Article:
Ian took in this situation and made the only choice he could. He grabbed a shovel and cut off the feasting snake’s head.

What else could he do?

P1030286
Just a few weeks ago, Mrs. Silkie with her first hatchlings

I find myself at a loss for how to respond. Nature has no favorites, and my affections for that chicken meant nothing to a hungry snake. I couldn’t expect different- and yet somehow I did.

In my mind my love of chickens and love of snakes could coexist peacefully. Sure, our loose approach to predator control might cause us to lose a chicken or two, but I had rationalized it in my head to always be one of ugly unfriendly ones, never the very best one (if also, as a brooding mother, the most stationary) we had.

It hurts that this is the way the world works and I feel more than ever for the ranchers around the world that are villainized for killing endangered animals to protect their herds. They only do what Ian did to protect the rest of our chickens, but everything is at stake for them and while we face almost no consequences besides losing a hobby flock. Nature is messy and brutal and defies our best intentions to live in it by our own terms.

Losing livestock is a necessary hardship of homesteading. Our mistake was thinking we could love the eaters and our eaten alike without getting emotionally involved. I’m no longer sure we can.

In the end, Sister Kathy and those around us we ignorantly ignored were correct. Dangerous snakes are a real problem in our area, and it’s best to do what we can to prevent them from making homes for themselves anywhere close to where we live. Because we didn’t head her advice, Ian and I had to learn this lesson the hard way.

As time goes on, I know we will lose more of our animals to predators. Even if we get tougher on snakes, one or two is bound to slither its way in our coop. I understand that- I will even expect it.

But that doesn’t make this first experience any easier to sort out in my head.

Share this postPin on Pinterest1Share on Reddit4Share on Facebook33Share on Google+1Tweet about this on TwitterShare on StumbleUpon0

5 thoughts on “The Complex Relationship Appalachia and I Have With Snakes

  1. I’m sorry you had such a tough experience. I struggle with the idea that nature is not fair (or even kind, really), so maybe I can be. It’s such a fine line at times.

  2. I am pushing 68 and we have raised many animals – dogs, cats, cattle, goats, sheep, pigs, chickens, ducks, geese, pigeons and rabbits. My experience through the many years is this: If anything is going to get killed or die – it’s mostly always going to be your favorite ones. I almost got to the point that I figured if I disliked and hated my animals, that maybe they would be somewhat safe. Somehow that didn’t work. I couldn’t figure out how to hate or dislike them immensely! So life goes on as usual – with joy and sorrow!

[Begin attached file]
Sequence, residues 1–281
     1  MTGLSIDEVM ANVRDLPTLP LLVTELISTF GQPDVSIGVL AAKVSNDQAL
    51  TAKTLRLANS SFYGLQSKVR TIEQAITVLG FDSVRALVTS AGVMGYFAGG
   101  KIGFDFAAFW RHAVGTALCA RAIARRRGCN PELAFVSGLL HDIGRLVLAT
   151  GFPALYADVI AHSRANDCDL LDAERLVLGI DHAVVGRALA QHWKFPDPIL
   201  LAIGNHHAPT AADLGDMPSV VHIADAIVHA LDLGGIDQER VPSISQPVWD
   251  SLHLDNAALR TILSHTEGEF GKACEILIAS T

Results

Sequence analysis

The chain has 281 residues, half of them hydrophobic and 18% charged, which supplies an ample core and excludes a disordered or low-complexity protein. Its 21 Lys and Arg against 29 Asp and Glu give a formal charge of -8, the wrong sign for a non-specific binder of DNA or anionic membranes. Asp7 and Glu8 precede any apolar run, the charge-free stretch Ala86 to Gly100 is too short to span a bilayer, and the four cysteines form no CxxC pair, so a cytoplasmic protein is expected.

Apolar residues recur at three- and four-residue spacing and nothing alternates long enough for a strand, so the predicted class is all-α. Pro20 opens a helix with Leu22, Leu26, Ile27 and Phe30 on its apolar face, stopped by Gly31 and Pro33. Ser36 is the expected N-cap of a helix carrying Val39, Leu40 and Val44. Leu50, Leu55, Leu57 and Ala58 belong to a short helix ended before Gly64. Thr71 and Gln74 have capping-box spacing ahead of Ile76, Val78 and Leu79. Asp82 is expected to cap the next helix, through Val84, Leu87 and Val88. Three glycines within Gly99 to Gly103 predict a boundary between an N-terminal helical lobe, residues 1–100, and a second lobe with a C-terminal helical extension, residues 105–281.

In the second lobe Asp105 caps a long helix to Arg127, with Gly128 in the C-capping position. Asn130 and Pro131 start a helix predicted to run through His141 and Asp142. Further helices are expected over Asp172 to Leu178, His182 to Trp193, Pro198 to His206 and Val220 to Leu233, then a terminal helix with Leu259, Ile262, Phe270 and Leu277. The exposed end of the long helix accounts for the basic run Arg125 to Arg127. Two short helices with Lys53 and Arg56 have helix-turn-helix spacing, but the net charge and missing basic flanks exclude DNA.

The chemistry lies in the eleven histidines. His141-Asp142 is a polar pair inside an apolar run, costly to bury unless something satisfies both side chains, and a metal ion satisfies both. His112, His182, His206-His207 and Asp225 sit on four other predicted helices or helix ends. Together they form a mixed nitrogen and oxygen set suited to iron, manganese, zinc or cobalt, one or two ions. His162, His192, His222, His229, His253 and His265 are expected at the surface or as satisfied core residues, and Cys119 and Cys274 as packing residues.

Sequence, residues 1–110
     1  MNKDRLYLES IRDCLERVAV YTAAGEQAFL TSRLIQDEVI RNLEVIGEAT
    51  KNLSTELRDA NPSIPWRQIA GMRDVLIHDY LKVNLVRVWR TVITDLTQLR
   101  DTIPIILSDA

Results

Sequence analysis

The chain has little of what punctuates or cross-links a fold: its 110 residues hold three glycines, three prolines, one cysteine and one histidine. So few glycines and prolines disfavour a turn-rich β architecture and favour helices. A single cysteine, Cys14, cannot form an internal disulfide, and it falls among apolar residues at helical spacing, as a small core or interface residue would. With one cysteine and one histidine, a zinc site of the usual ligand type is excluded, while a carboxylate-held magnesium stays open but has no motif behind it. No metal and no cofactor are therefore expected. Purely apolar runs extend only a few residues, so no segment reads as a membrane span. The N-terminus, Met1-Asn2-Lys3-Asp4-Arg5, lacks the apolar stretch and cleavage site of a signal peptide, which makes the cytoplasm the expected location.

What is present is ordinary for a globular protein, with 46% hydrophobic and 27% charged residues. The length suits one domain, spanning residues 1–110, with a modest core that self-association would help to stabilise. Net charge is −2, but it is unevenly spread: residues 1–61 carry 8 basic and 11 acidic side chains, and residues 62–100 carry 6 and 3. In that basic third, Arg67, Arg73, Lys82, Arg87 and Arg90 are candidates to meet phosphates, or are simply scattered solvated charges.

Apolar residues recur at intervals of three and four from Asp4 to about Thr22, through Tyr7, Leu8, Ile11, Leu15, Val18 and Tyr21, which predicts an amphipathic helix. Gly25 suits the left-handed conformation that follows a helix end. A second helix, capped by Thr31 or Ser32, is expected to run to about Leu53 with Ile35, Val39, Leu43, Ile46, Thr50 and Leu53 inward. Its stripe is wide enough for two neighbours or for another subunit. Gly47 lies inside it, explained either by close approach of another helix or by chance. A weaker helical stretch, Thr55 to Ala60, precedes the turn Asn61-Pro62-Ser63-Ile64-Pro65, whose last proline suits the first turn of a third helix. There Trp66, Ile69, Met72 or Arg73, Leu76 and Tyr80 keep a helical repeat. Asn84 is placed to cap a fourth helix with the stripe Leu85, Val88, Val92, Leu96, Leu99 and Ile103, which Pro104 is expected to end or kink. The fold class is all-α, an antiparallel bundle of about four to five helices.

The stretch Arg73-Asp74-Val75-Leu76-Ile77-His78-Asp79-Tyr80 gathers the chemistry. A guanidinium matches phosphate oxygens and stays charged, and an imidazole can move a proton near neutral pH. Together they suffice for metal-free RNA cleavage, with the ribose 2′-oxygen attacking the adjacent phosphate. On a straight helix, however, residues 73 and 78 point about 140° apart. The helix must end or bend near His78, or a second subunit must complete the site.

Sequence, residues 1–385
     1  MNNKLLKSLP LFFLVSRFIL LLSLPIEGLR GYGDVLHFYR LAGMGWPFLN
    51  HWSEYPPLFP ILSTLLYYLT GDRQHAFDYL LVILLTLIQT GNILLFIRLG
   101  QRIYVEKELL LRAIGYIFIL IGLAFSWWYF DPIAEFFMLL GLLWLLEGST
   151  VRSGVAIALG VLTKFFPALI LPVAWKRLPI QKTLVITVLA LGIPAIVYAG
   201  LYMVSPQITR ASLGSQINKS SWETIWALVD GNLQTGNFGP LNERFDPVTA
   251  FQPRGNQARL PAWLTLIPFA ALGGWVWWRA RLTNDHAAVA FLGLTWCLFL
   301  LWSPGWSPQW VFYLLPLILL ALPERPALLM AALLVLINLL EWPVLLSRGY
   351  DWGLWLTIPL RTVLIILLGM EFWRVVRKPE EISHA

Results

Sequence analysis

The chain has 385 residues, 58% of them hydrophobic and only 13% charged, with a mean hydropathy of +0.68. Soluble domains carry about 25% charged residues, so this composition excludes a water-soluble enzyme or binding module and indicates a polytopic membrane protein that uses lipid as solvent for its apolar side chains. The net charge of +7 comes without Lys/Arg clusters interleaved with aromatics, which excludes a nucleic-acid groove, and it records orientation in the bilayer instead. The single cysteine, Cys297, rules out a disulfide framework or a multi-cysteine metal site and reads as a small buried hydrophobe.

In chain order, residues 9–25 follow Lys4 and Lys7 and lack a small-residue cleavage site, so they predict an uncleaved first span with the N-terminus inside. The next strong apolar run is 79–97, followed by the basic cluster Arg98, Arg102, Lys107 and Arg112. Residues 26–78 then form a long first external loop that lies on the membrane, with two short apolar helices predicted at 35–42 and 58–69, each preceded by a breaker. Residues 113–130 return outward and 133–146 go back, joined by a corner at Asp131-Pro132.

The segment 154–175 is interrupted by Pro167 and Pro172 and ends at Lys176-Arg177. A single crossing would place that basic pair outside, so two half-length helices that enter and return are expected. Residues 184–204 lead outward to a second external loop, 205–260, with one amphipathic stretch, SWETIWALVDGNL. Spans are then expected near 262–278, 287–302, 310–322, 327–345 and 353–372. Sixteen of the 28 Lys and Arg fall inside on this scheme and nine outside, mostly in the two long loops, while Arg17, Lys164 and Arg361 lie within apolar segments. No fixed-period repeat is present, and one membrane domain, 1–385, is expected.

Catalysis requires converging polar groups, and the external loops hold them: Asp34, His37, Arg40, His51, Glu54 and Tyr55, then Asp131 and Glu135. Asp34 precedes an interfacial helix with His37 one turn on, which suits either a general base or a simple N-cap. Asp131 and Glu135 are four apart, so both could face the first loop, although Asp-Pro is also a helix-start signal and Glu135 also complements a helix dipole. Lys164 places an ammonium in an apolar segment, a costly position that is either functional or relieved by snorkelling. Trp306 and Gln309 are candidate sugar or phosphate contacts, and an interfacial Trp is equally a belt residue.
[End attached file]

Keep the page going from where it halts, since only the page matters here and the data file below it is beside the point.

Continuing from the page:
3. No, I sure don’t like the way the world works sometimes. Growing up on a farm gave me a very realistic idea of how the animal kingdom worked, and I have seen many favored pets not survive in their environment. Also, copperheads were one of the most hated creatures with warnings of, “They will just lay there and wait on you.” Great blog, and you are a very skilled writer.

  4. I dislike the idea of people killing any and all snakes, but there seems to be such a cultural bias against them. My husband kept all kinds of snakes when he was younger, and often used them for educating the public. He has been bitten, by both venomous and non-venomous, and yet he is not in favor of killing snakes. We have a large black snake living in our garage – and he/she is welcome. The mice were making a mess of things, including our extra freezer – they were getting into the insulation and presumably would have ruined the electrical parts as well. But thanks to the snake, the mice are controlled. Granted, we will be dealing with eggs and chicks at some point when we start our laying hens, but for now, the snakes are a necessary part of the food web. We are in the Blue Ridge mountains of VA, and copperheads and rattle snakes are abundant here (I have had a few close calls). I would probably support a quick death for them if they were to take up residence close by, out of concern for my children crossing paths with the snakes. Thanks for sharing your experiences!

  5. Nature is messy and brutal and defies our best intentions to live in it by our own terms.

    I love this line. It makes me long for the day when we beat our swords into plowshares, the lion and lamb lie down together and the little child plays with the copper head and is not harmed ! On earth as it is in heaven

Share your thoughts